I find it interesting that this simple drink had quite elaborate bottles to be sold in. They were, as I suggested, returnable for a small refund on them, and I for one am glad they never got round to returning these.

Thinking about this I realise I remember returning glass ‘fizzy pop’ bottles for the penny you got back on them at the shop (and promptly spent on halfpenny sweets) Something I hadn’t thought about for donkey’s years.

It is strange how memories can be triggered. Do you remember activities like this that were normal in your youth but just not done, not required or wanted today? And just why does ‘Ginger beer’ sound exciting??? Do share – I love to hear from you!

[For my FWT cheerleaders – same same this week {I knew a whole pound down in one week was too much at this stage!} so I’m all square and only one and a half pounds from my target!!

 

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A ‘Fluffy’ post!

Hi All, and I do mean ALL, as I know lots of you will not have got my last post as the feedburner would not send it out to all your emails for me.

No!, No, no, it wasn’t too rude. Nor did it contain dodgy material [Well, I contend that it wasn’t dodgy material, though my friend Christine, who DID see the blog thought it well dodgy]  —  no, I made the post too large (it seems) with too many pictures of ………………. *SLUGS   (*Christine shudders; she doesn’t like slugs)

But seriously – the sheer numbers were amazing – and then there was the experiment I set up and … well – you’ll just have to scroll down to last week’s blog and take a look.

So I had to promise to do a ‘fluffier’ blog this week without slimy, creepy crawlies anywhere to be seen.

Enter the dog – she’s the fluffiest thing I have round here!  

As readers of the blog you will have realised that the dog is a labradoodle – and a curly ‘poodle’ coated one at that. This means that every six to eight weeks she needs cutting if I don’t want a her to have a long knot-forming, mud-bedraggling, puddle-bringing coat and with the almost constant wet and mud we’ve had this year – No I DO NOT!

First up is to get her into the bath. If her coat is not clean then the dirt in the fur will wreck the sharpness of the blades in the clippers. I need to get this done early on a day that looks like it will be warm enough to get her completely dry as damp fur does not cut well.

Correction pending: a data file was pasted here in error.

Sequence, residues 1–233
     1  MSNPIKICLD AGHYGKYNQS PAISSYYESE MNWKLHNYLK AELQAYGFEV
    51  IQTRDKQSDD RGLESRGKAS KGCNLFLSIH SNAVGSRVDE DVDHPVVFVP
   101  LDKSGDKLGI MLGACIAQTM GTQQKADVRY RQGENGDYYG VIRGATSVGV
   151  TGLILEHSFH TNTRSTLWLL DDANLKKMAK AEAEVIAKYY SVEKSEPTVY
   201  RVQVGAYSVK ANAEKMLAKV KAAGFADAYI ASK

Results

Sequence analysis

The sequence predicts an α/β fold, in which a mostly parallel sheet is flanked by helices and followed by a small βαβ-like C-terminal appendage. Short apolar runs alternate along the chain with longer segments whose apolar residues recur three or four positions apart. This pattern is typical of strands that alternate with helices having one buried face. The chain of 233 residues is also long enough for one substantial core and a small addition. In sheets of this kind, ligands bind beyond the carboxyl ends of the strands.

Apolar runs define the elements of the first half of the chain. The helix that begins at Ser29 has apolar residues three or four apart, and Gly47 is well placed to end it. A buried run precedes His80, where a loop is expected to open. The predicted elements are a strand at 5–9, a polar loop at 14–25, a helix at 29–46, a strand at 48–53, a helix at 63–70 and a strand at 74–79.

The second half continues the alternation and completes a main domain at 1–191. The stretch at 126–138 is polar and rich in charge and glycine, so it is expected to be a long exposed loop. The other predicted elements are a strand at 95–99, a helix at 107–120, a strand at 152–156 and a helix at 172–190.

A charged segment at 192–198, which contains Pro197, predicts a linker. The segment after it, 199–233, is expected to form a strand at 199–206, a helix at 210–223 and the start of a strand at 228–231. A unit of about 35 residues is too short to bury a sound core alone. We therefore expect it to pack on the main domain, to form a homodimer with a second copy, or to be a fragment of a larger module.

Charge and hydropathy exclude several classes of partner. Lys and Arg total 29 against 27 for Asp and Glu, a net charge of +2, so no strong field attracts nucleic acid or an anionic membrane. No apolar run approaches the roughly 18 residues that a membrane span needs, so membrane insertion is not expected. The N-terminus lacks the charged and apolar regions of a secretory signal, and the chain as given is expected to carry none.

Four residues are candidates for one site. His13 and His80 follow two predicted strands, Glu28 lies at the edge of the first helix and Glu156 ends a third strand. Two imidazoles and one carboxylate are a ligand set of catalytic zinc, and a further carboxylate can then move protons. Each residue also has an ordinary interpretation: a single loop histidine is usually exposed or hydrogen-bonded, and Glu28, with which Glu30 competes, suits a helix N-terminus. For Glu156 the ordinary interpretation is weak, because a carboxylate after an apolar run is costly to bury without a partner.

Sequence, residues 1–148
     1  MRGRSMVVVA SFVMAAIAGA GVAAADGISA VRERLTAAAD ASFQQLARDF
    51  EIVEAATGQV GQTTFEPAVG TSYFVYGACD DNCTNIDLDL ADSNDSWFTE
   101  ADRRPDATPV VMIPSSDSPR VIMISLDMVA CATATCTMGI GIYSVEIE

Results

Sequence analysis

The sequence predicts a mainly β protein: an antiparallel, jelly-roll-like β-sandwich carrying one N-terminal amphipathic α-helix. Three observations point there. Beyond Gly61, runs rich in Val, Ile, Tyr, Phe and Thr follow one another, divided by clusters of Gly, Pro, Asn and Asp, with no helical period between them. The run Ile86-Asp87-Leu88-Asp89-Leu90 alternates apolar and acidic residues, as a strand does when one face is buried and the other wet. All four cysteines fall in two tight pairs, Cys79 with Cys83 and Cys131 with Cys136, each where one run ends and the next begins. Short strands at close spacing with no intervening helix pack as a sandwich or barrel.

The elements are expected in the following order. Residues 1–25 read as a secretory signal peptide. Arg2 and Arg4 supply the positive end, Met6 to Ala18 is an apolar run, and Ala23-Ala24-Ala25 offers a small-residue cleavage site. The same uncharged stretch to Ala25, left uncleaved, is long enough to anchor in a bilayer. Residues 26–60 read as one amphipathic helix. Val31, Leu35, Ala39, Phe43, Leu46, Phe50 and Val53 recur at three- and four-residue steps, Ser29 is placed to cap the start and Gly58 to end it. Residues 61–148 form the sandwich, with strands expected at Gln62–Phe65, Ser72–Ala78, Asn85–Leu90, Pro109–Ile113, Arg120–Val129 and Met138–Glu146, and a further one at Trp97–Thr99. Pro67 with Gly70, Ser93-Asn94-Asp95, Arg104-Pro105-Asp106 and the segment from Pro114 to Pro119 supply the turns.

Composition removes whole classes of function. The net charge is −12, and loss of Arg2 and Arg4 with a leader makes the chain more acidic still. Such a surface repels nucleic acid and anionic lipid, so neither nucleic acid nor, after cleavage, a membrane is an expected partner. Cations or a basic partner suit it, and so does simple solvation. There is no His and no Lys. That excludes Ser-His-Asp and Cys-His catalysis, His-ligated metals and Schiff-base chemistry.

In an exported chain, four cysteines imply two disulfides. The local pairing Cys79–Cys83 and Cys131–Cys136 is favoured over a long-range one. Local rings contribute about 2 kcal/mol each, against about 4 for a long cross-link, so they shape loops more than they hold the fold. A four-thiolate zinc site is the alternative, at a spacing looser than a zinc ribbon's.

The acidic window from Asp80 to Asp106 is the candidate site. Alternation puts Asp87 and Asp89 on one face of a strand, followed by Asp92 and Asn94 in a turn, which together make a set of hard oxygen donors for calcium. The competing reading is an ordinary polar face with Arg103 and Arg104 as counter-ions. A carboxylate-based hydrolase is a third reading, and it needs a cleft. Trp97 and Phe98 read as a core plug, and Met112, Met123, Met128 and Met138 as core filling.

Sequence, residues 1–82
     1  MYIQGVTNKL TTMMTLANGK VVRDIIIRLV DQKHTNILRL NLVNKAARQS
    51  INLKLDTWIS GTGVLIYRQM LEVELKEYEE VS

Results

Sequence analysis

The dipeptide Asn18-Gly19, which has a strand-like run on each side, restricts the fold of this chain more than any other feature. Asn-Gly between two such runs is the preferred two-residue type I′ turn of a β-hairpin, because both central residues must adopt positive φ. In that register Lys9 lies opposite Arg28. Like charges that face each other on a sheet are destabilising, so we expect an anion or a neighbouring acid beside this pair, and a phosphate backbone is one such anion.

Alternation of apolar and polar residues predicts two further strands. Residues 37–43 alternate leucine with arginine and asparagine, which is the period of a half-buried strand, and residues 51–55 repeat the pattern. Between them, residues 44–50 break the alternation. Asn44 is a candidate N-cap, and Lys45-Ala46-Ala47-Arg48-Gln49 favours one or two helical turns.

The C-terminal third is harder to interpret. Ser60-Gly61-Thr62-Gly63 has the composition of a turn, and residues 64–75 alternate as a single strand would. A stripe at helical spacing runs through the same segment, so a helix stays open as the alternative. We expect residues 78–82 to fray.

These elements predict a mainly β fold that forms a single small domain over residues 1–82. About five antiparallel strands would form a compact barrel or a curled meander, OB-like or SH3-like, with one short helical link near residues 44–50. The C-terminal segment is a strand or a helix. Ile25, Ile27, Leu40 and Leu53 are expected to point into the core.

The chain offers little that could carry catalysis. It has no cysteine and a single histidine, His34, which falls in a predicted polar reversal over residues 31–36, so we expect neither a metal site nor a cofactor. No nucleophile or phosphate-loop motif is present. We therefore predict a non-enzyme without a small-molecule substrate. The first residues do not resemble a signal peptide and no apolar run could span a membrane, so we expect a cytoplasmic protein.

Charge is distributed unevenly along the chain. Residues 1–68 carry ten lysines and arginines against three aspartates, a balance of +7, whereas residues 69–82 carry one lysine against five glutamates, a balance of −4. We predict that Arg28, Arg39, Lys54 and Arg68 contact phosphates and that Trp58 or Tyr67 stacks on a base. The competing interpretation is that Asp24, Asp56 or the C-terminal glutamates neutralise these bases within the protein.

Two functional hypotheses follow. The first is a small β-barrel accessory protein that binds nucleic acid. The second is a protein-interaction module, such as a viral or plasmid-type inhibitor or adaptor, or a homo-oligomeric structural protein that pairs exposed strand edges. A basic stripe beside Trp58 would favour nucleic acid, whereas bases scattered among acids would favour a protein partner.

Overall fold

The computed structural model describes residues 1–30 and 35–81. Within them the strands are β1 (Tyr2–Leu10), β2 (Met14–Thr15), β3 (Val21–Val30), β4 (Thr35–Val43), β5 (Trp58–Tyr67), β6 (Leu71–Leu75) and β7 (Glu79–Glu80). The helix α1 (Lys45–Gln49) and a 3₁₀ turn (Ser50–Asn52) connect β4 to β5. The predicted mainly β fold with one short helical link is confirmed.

The day I chose looked promising, however, as it turned out she wasn’t quite dry so the hairdryer had to be employed and neither of us like that much, then it’s up onto the table!

I am used to clipping our dogs, in the past we have had standard poodles (for the uninitiated these are the largest size of poodle) and I always did a ‘country clip’. No poms, no shearing down to the skin  – just a nice even all-over cut. And it is a similar cut I use for the labradoodle – no leaving long whiskers or shaggy eyebrows.

I start with her face, before the clippers get warm and while she has maximum patience. Picture one has had the first few swipes at the fur on her nose done before I decided to record the trim, picture two is her nose all done.

I then trim all down one side of her body. Then down the other side. She started by standing but then chose to lie down. Left picture below shows half clipped, right shows both sides clipped.

 

 

She chose to flop over on one side so I then trimmed her legs and tummy on that side. It was tricky getting her to roll over so I could do the other side though.

Then it is on to clipping her feet. I think these are ticklish as she does her best not to let me get at them, amazingly even tucking them back under her legs. There is fur between the pads that has to be trimmed out carefully. Then her tail needs trimming by scissors to a sensible length (As I also do with the hair on the ears and on top of her head this way).

 

 

All done – she stands for me to take off any little bits I’ve missed and brush her down.

All that’s left then is to sweep up the clippings, wash the table and floor! What a lot of dog hair off one dog! It all goes on the compost heap – and if it is the spring it is often taken by small birds to line their nests!

 

So, here’s hoping this post isn’t too big and you all get to see it!

For my FWT cheerleaders – I am delighted to report a whole pound down. I know, I didn’t expect that so close to my target. Half a pound a week is fine at this level – so I am well pleased!

What pets do you have and how do you get on with their grooming? Is it a chore? Do you get it done by professionals?

Do share, I love to hear from you — and if you want to comment on the SLUGS – by all means drop down to that blog and let me know your thoughts on the collective noun for a group of slugs.